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  • Rex Graham

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  • Rex Graham

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Trolley Rolls Closer to a Reality on UC San Diego Campus

San Diego Trolley

San Diego Trolley

The planned San Diego Trolley route to UC San Diego recently picked up key federal support that will keep the project on track for construction to begin in 2015 and passenger service to start in 2018.

The Federal Transit Administration (FTA) in September gave the Mid-Coast Corridor Transit Project a highly favorable “medium high” rating as part of its formal review process. The project has now entered the “preliminary engineering” stage. San Diego Association of Governments (SANDAG) officials said at a meeting Oct. 21 that the FTA’s “medium high” rating is the highest of any project in the country in the preliminary-engineering stage.

The Mid-Coast project will now be included in the FTA’s fiscal-year 2013 funding recommendations to Congress. In the meantime, a supplemental environmental review and other analyses and reviews are proceeding on schedule under the direction of SANDAG.

The11-mile project will extend the Metropolitan Transit System (MTS) system’s Blue Line north from the Santa Fe Depot in downtown San Diego to University Towne Centre, through the UC San Diego campus. Half of the roughly $1.6 billion project will be paid for by the FTA, with the other half provided by TransNet, a one-half cent sales tax to fund San Diego County transportation projects.

“The campus is excited about the progress of this project because we think the trolley will be an important transportation ‘game changer’ by providing inexpensive, fast and convenient mass transit to and from the campus—especially during rush hour,” said Gary C. Matthews, vice chancellor for Resource Management and Planning. “The trolley also will significantly lower the campus’ carbon footprint.”

On Oct. 26, SANDAG’s Mid-Coast Corridor Transit Project working group, chaired by San Diego County Supervisor Ron Roberts, will review the status of the project. A supplemental environmental impact study and report will be available for public review in summer 2012, and full funding of the project is expected in 2014.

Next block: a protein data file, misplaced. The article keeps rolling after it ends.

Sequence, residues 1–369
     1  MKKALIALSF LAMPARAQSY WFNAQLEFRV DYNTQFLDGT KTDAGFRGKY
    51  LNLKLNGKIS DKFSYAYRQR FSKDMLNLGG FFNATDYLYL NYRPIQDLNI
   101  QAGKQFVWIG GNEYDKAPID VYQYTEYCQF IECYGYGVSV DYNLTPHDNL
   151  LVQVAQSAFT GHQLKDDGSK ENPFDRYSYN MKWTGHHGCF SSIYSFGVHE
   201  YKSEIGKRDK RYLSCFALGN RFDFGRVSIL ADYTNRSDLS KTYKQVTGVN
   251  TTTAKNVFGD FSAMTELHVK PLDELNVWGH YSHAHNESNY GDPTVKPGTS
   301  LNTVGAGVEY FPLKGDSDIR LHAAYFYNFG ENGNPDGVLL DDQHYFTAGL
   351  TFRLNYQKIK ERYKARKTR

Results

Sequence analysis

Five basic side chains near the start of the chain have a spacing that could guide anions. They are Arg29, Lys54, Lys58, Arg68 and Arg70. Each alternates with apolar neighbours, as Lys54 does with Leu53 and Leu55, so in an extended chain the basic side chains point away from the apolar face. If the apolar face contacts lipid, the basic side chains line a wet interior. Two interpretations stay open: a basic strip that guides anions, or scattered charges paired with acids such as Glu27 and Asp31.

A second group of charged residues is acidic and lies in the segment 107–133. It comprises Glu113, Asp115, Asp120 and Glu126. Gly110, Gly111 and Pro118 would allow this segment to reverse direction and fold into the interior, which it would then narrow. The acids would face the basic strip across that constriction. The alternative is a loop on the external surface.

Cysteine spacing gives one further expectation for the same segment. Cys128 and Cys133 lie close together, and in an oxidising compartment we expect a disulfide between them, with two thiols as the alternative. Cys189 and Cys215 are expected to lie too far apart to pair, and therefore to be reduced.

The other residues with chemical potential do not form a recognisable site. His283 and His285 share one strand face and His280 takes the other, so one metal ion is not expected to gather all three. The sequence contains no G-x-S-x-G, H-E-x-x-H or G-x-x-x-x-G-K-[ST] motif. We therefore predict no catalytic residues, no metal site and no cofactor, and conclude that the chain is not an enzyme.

The tracks for the trolley won’t actually use much campus real estate: they will be perched on the concrete piers of an aerial structure, a design requested by campus’ Light Rail Transit Work Group, a committee made up of faculty, staff and student representatives. The work group favored the aerial design because it is quieter than an at-grade track and eliminates the need for street-level gates, bells and traffic-control signals.

Each trolley, with a capacity of 120 riders, will stop every 7.5 minutes at each of the two UC San Diego stops, which will include canopies, benches, information kiosk, ticketing machines, and lighting.

Working closely with the campus’ Light Rail Transit Work Group, the route chosen through the campus was considered the most beneficial to academic operations, commuters and residents of on-campus housing.

The campus work group will continue working with SANDAG on the design of pedestrian and vehicular access to the campus trolley stops at Pepper Canyon on the West Campus and on the East Campus near Preuss School and Health Sciences’ hospitals, clinics and research institutes.

The campus work group will also coordinate with SANDAG to mitigate construction impacts, including traffic control, possible road and intersection relocations, and changes to utility lines and other infrastructure. The work group also will continue to coordinate with the Metropolitan Transit System, the City of San Diego, California Department of Transportation (Caltrans) and other stakeholders in addition to the FTA and designers and contractors who will develop the project. Notices will be widely distributed to the campus community in advance of construction activities.

At the Oct. 21 meeting of the SANDAG Transportation Committee, SANDAG staff said the project team also is evaluating the feasibility of a trolley stop on Caltrans property adjacent to the Veterans Affairs San Diego Healthcare System. That potential trolley stop would be immediately south of the UC San Diego campus and within walking distance of the School of Medicine classrooms, labs and offices.

UC San Diego Chancellor Marye Anne Fox recently traveled on the trolley Green Line with San Diego County Supervisor Roberts to the San Diego State University campus, where strong trolley ridership is easing SDSU’s parking and transportation woes. The Blue Line, which begins near the international border and currently extends north to the Old Town Transit Center, would extend another 11 miles to the north through UC San Diego and terminate at the Westfield UTC Transit Center.

Fox, Matthews and other campus leaders who have collectively managed the expansion of classroom and research buildings on campus as well as the addition of on-campus student housing are eager for the Blue Line to arrive. It will augment a variety of other alternative transportation options on the campus.

“Chancellor Marye Anne Fox has really been committed to the trolley,” Roberts said at the Oct. 21 SANDAG meeting. “She in every sense of the word has been a champion of the project.”

As work on the project advances, the campus’ Light Rail Transit Work Group will continue to provide updates to the campus community on its website and hold meetings to share information as it becomes available.

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